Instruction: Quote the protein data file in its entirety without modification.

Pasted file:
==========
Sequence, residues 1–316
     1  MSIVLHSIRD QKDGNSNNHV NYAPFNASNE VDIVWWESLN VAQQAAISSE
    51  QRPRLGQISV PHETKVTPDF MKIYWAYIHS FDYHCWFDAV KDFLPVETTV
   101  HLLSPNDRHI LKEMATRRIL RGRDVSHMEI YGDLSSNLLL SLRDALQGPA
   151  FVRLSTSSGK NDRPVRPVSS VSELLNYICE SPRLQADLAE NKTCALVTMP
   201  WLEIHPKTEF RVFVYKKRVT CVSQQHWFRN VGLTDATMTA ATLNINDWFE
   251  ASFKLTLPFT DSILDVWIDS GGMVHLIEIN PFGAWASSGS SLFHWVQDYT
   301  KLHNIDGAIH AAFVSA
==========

Sequence, residues 1–316
     1  MSIVLHSIRD QKDGNSNNHV NYAPFNASNE VDIVWWESLN VAQQAAISSE
    51  QRPRLGQISV PHETKVTPDF MKIYWAYIHS FDYHCWFDAV KDFLPVETTV
   101  HLLSPNDRHI LKEMATRRIL RGRDVSHMEI YGDLSSNLLL SLRDALQGPA
   151  FVRLSTSSGK NDRPVRPVSS VSELLNYICE SPRLQADLAE NKTCALVTMP
   201  WLEIHPKTEF RVFVYKKRVT CVSQQHWFRN VGLTDATMTA ATLNINDWFE
   251  ASFKLTLPFT DSILDVWIDS GGMVHLIEIN PFGAWASSGS SLFHWVQDYT
   301  KLHNIDGAIH AAFVSA